A 20-something sales person and his manager sit across from Joan, a new prospect who holds the decision-making and spending power at her Fortune 1000 company. Joan agreed to the meeting at the request of a colleague who knows the sales manager.
Unbeknownst to the sales duo, Joan has just finished a crisp, pointed conversation with a vendor that had screwed up for the last time. Her pain, though, is the sales guys’ lucky break. The vendor is a competitor.
Despite being overbooked and juiced on anger, Joan offers her full attention to her visitors. Fifteen minutes into their slide deck, Joan cuts to the chase and asks the question that turns their golden opportunity into a burnt crisp: “Who’s your competition?”she asks.
She catches that classic flash of panic in the rep’s eyes — you know the kind…when the prospect asks a question that is to be answered with a well-rehearsed, canned response. To his relief (and their opportunity’s demise), the sales manager swoops in with this response:
Great question, and I’m glad you asked. We don’t have any direct competitors. In fact, we believe that we don’t have any true competition. What we do and how we do it is distinct from anyone out there.”
You know where I’m going with this, right? Joan had lobbed the proverbial slow pitch, and the sales manager not only struck out but swung like a rookie. He insulted an executive-level prospect by wasting her time with his answer.
He was either pompous or naive, and Joan didn’t care which. By acting coy about the competitive landscape, the sales manager drained his company of credibility. Joan wasn’t about to trust this company to solve her vendor-related problem if its own managers act clueless about her options.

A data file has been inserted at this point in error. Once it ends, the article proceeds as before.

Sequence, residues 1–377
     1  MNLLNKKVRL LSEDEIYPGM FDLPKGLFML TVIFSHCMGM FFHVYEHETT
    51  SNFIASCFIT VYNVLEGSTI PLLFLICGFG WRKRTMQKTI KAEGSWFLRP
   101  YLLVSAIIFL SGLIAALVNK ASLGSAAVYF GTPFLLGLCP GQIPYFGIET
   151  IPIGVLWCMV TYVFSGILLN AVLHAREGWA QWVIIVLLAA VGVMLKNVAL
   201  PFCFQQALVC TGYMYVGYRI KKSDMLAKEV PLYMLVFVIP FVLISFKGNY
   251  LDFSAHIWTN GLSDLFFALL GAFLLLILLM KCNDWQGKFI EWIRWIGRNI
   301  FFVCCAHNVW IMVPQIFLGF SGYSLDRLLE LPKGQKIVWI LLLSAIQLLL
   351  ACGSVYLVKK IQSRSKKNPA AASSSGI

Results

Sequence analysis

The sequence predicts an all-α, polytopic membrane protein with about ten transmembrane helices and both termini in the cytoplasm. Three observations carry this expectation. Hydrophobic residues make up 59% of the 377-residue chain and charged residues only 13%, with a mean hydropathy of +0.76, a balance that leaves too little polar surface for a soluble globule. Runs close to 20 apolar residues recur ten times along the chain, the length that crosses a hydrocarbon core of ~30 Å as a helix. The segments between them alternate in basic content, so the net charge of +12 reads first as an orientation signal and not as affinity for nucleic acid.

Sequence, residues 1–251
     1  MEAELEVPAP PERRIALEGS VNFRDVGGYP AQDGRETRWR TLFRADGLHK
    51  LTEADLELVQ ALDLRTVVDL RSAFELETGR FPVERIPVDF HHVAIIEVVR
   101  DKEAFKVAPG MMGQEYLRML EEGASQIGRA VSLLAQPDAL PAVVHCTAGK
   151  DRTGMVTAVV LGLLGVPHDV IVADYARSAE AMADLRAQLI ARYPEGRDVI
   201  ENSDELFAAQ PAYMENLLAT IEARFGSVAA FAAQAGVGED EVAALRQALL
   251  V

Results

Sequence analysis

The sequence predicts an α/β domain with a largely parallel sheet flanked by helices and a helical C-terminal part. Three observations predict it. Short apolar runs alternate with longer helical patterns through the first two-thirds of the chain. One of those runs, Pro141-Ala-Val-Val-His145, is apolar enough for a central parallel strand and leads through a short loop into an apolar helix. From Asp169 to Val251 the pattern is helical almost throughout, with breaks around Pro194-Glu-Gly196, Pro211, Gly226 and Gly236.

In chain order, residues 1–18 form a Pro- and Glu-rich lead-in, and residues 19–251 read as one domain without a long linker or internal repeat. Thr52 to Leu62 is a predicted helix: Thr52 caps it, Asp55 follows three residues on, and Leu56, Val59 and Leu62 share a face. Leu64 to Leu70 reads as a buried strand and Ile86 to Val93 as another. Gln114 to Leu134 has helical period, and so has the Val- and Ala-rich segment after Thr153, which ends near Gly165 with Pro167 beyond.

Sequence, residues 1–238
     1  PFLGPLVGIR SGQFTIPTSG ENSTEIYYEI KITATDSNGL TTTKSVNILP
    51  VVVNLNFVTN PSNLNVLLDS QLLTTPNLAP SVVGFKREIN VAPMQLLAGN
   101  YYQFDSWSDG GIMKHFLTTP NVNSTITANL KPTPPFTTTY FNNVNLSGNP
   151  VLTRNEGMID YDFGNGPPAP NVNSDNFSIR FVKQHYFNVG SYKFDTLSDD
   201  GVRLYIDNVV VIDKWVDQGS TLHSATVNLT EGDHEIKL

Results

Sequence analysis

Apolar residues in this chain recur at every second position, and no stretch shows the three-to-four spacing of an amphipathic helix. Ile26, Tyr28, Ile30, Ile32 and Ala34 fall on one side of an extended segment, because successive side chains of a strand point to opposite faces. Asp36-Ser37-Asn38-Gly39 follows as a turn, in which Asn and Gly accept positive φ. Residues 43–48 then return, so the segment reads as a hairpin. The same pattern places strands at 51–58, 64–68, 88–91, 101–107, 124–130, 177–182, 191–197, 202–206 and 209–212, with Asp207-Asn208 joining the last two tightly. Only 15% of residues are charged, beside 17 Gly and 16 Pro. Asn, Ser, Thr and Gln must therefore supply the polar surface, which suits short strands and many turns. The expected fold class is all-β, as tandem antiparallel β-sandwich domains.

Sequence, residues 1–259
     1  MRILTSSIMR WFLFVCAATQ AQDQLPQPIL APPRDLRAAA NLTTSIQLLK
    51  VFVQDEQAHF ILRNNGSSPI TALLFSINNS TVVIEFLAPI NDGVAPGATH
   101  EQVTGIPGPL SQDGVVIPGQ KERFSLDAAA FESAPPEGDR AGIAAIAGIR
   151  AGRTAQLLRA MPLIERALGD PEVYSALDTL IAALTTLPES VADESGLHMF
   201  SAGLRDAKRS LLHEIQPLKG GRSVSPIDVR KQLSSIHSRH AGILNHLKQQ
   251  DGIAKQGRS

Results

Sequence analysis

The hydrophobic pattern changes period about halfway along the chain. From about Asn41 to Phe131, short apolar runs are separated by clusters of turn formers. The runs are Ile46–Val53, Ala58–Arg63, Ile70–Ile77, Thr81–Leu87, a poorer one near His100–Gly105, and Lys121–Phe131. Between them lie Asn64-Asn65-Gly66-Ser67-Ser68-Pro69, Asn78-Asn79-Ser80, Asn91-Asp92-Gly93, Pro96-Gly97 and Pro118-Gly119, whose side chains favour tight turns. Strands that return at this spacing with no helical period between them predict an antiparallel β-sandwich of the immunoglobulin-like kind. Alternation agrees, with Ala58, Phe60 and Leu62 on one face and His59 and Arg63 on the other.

Competitors strike a nerve in us — the mere mention of competitors pokes our reptilian brain. I once worked with an executive so fanatical about the topic that he forbade employees to use the C-word. There’s a difference between managing the topic in a sales call and literally operating out of competitive ignorance.
Bad Things Happen When You Ignore the Competition
- Your USP isn’t.
Unique is relative. To define your unique selling proposition, you have to start with a baseline. Distinction depends on comparison. Your prospects mentally won’t set you apart if you can’t demonstrate context.
- You sound like everyone else.
Yes, you — the one with your head in the sand. If you still describe your company with words such as customer focused, cutting edge, or flexible, consider yourself forgettable.
For a better look at the widespread use of meaningless phrases, check out Gobbledygook Manifesto, an analysis of cliched words used in press releases. Its author, David Meerman Scott, has released a 2008 analysis, and I encourage you to read it too.
- Prospects will think you’re either naive or pompous.
That’s a lose-lose situation, and word travels fast. Need I say more?
- You won’t know what it takes to keep a new client.
If you aren’t clear on why a client left their old vendor to buy from you, there’s a good chance you won’t recognize the signs when they decide to leave you too.
Here’s the moral to this story. Your stance on the competition says more about you than you realize and probably not at all what you want it to convey. If using the word competitor is just too hard for you to swallow — swap it out with the synonym your prospects use: CHOICE.
The Super Searchers Webpage (InfoToday)
Super Searchers on Competitive Intelligence (CyberAge Books)